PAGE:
Canada launches voluntary code of conduct for the responsible use of AI

François-Philippe Champagne, Canada’s minister of innovation, science, and industry.
Cohere, OpenText, Coveo, Ada among first signatories.

Cohere, a competitor of ChatGPT creator OpenAI, announced it is signing on to Canada’s new voluntary artificial intelligence (AI) code of conduct.

François-Philippe Champagne, the country’s minister of innovation, science and industry, announced Canada’s Voluntary Code of Conduct on the Responsible Development and Management of Advanced Generative AI Systems, which is effective immediately. Champagne shared the news at the All In Conference on AI in Montréal.

Software company OpenText also announced its partnership with the federal government on the code. “Canada’s AI Code of Conduct will help accelerate innovation and citizen adoption by setting the standard on how to do it best,” said Mark J. Barrenechea, CEO and CTO of OpenText.

Others who signed included Coveo and Ada. UPDATE (12/7/23): On December 7, 2023, eight more organizations committed to the code, including IBM, AltaML, CGI, and Scale AI.

The code outlines key measures organizations can adopt to mitigate limitations of AI, and foster principles such as transparency, fairness and equity, and accountability.

Anne Thériault, Coveo’s Vice President, Legal, CISO, DPO and assistant secretary, told BetaKit that for the past decade, Coveo has always been thorough and responsible in the development of its platform. “We work with large global enterprises who care about using AI to better serve their customers, in a way that is ethical and protects their data,” she said.

“We now welcome the introduction of a Code of conduct that supports the development and management of responsible and robust AI systems to maintain trust towards customers. We are supportive of other brands being held to the same standards.“

The code identifies measures that organizations are encouraged to apply to their operations when they are developing and managing general-purpose generative AI systems.

The code outlines key measures organizations can adopt to mitigate limitations of AI, and foster principles such as transparency, fairness and equity, and accountability.

Not everyone is on side with the new code. In a statement on X, Tobi Lutke, Shopify’s CEO, called the code of conduct “another case of EFRAID,” and wrote: “I won’t support it. We don’t need more referees in Canada. We need more builders. Let other countries regulate while we take the more courageous path and say “come build here.”

The Government of Canada has already taken steps toward ensuring that AI technology evolves responsibly and safely through the proposed Artificial Intelligence and Data Act (AIDA), which was introduced as part of Bill C-27 in June 2022.

AIDA is meant to protect Canadians by ensuring high-impact AI systems are developed and deployed in a way that identifies, assesses, and mitigates the risks of harm and bias.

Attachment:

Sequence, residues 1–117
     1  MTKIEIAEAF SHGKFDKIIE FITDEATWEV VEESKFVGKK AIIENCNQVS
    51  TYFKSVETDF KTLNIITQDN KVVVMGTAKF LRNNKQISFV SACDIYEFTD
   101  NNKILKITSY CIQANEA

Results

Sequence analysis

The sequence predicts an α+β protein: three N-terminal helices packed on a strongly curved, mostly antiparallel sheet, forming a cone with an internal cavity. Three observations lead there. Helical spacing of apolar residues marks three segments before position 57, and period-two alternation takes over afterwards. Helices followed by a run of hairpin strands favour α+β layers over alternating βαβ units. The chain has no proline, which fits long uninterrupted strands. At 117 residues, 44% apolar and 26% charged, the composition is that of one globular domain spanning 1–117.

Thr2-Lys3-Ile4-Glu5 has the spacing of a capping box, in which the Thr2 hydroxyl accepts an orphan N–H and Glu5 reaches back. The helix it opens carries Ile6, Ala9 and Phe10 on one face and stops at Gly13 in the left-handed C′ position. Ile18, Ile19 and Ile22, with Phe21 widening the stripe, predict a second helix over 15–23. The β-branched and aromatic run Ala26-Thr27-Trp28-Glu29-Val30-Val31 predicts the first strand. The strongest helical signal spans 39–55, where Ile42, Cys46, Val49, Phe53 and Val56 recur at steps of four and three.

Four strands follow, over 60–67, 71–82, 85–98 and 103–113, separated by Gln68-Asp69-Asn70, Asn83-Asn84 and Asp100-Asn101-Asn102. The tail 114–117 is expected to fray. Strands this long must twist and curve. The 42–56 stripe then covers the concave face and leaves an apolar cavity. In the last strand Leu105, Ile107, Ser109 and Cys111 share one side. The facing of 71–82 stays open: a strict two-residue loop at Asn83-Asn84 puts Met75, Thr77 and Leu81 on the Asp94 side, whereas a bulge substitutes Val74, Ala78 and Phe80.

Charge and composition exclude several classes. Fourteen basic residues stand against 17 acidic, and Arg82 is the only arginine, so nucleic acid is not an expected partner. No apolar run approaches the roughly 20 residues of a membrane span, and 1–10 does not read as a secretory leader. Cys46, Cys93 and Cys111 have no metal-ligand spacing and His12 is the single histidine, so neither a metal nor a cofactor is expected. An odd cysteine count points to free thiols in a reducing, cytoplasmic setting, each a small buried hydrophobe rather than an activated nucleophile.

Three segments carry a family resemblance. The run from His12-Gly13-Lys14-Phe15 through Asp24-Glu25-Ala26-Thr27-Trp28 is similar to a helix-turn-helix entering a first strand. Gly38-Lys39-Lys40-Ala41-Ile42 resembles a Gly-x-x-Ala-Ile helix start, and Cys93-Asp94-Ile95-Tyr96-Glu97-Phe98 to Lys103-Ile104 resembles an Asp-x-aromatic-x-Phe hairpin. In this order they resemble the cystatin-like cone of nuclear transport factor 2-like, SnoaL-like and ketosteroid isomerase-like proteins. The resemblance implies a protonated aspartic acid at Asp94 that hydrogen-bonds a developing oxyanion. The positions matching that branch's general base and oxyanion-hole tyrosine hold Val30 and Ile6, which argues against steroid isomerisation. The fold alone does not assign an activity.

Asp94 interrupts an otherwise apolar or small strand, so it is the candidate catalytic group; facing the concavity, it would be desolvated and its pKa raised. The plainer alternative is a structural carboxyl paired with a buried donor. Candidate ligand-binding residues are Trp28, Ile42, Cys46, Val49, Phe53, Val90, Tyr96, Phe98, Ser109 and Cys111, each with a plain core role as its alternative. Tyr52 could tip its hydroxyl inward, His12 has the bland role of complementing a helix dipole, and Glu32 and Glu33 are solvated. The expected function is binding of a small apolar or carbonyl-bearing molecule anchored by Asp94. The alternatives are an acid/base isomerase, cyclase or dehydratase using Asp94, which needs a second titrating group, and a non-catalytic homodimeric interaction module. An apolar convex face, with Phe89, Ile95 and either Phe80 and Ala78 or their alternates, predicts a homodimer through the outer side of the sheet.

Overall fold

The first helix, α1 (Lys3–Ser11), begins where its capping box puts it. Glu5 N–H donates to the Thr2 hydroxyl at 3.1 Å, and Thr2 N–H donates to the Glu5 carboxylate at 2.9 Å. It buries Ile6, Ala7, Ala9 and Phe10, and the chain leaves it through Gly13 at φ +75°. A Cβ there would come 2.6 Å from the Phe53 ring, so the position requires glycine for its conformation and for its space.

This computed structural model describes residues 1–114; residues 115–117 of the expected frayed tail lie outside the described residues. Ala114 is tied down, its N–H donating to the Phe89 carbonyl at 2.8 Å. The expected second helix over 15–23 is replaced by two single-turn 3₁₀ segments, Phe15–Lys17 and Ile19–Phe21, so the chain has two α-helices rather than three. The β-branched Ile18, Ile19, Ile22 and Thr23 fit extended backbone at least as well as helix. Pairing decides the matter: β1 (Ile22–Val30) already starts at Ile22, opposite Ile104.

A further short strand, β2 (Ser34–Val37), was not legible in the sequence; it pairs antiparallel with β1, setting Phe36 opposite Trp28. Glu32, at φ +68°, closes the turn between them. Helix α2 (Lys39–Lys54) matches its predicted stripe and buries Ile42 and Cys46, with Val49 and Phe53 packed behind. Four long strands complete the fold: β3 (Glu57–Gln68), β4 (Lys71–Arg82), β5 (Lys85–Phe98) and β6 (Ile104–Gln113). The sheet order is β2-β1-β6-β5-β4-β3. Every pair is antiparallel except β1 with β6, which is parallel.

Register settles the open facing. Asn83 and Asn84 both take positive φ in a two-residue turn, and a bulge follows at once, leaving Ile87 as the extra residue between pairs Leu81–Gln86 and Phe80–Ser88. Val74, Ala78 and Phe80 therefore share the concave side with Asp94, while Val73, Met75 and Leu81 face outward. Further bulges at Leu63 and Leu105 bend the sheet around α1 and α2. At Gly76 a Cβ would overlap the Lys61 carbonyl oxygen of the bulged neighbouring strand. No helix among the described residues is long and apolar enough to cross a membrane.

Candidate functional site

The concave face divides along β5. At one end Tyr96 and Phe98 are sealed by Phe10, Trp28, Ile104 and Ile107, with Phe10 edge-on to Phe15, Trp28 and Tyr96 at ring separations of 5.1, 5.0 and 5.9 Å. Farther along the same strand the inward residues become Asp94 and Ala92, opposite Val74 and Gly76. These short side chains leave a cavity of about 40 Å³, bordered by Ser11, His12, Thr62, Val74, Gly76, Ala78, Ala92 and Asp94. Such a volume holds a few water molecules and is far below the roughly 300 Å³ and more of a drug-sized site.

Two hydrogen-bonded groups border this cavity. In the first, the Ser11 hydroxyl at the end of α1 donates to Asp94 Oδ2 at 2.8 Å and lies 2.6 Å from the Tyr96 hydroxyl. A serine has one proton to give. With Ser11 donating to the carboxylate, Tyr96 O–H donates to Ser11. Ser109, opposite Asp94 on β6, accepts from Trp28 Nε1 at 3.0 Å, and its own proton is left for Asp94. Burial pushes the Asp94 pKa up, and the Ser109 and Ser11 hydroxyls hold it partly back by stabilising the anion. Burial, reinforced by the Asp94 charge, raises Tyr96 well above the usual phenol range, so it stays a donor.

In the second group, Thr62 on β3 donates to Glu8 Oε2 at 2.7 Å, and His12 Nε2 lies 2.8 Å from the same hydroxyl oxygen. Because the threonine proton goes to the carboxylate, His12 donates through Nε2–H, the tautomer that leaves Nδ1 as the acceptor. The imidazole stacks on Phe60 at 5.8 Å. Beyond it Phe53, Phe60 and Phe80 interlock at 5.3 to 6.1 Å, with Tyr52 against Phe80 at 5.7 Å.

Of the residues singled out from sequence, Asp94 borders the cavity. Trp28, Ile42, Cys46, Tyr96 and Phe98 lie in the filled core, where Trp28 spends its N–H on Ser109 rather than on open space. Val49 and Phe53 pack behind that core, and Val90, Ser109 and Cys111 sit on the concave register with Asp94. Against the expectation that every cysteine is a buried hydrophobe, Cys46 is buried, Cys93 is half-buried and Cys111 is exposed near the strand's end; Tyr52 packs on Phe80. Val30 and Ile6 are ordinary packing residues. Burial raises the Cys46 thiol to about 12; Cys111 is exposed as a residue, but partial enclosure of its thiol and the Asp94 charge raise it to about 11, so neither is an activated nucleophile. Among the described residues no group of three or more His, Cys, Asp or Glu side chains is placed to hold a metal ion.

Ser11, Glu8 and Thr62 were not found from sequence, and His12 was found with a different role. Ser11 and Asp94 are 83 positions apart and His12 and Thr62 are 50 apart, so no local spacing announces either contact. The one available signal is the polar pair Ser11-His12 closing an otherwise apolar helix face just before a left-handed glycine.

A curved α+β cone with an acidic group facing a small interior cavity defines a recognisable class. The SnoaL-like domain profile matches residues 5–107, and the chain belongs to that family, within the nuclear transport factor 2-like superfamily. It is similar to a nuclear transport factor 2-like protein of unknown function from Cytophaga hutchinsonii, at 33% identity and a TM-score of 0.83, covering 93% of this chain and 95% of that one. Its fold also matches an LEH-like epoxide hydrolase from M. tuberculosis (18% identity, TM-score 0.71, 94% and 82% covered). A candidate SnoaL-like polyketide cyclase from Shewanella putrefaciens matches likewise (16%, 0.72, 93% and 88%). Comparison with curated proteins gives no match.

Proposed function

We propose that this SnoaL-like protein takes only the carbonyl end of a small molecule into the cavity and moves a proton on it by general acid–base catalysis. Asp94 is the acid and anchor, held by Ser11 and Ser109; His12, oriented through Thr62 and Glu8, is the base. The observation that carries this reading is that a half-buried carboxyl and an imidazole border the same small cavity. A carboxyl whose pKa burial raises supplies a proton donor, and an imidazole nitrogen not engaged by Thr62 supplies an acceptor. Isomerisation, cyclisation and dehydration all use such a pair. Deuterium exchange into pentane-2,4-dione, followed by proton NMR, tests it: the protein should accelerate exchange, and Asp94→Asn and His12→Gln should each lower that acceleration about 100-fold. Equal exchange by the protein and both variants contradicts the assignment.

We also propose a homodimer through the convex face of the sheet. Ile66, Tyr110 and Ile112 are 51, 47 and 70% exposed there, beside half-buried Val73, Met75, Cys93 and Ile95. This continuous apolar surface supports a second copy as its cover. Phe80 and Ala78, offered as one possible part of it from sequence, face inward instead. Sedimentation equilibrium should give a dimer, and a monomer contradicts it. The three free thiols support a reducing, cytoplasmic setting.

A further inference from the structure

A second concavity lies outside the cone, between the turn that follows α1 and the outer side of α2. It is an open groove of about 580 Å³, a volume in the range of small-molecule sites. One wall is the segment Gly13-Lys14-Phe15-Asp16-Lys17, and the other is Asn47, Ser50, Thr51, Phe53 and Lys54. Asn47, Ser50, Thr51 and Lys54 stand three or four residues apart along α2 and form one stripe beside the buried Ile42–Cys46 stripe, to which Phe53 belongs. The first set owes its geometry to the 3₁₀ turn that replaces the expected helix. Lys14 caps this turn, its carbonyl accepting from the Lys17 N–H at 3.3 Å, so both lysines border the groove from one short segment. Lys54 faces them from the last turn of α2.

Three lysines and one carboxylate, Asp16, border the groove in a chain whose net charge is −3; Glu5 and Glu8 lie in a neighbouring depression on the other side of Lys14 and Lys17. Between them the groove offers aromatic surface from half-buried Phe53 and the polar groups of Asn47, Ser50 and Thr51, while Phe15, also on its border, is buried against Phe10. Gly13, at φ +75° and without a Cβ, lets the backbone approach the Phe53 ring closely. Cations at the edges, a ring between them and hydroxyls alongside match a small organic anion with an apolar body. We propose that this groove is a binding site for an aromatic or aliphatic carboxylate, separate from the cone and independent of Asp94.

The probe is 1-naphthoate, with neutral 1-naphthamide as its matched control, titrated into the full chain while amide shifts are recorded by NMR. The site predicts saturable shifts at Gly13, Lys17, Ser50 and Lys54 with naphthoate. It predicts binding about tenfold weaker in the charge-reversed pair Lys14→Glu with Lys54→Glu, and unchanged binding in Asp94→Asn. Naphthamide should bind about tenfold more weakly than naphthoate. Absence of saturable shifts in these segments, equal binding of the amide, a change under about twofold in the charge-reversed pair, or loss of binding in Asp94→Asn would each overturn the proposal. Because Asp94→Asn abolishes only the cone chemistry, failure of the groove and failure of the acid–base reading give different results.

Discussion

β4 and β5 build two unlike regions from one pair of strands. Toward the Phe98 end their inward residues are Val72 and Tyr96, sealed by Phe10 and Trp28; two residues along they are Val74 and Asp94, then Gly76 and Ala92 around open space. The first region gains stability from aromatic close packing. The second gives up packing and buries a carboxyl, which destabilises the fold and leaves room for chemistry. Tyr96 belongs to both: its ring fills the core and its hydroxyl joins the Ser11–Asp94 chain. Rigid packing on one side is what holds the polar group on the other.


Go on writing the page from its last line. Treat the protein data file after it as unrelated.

Bill C-27 has already received broad support from a number of Canadian startups and companies eager to adopt the new technology. An open letter in support of Bill C-27 comes just as a survey in April showed that adoption of the technology is growing among Canadian companies. More than one-third (37 percent) are now using AI.

RELATED: CCI calls for Parliamentary Technology and Science Officer to help get AI regulation right

The AI industry has come under pressure to regulate the swift-moving technology, while the federal government has been working hard to formulate a code of ethics that would help govern the tech.

The new code represents a critical bridge between now and when that legislation would be coming into force. It outlines measures that are aligned with six core principles, including safety, human oversight and monitoring, and validity and robustness.

The code is based on the input received from a cross-section of stakeholders, including the Government of Canada’s Advisory Council on Artificial Intelligence, through the consultation on the development of a Canadian code of practice for generative AI systems.

The government will publish a summary of feedback received during the consultation in the coming days. The code will also help reinforce Canada’s contributions to ongoing international deliberations on proposals to address common risks encountered with large-scale deployment of generative AI, including at the G7 and among like-minded partners.

RELATED: Academics, CEOs sign on in support of AI regulation and Bill C-27 as Canadian companies race to adopt the technology

Benjamin Bergen, president of the Council of Canadian Innovators (CCI), said that CCI had been calling for Canada to take a leadership role on AI regulation and it should be done in the spirit of collaboration between government and industry leaders.

“The AI Code of Conduct is a meaningful step in the right direction and marks the beginning of an ongoing conversation about how to build a policy ecosystem for AI that fosters public trust and creates the conditions for success among Canadian companies,.” Bergen added.

At the time of writing, other AI firms were believed to be on board with the new code, with more signatories to it preparing to announce.

A number of letters and calls for governance have come from high-profile members of the industry itself, including from Geoffrey Hinton—often referred to as the Godfather of Deep Learning—and Yoshua Bengio, co-founder of Montréal-based Mila.

With files from Alex Riehl.

Feature image courtesy Flickr.

Charles Mandel

Charles Mandel

Charles Mandel's reporting and writing on technology has appeared in, Canadian Business, Report on Business Magazine, Canada's National Observer, The Globe and Mail, and the National Post, among many others. He lives off-grid in Nova Scotia.

0 replies on “Canada launches voluntary code of conduct for the responsible use of AI”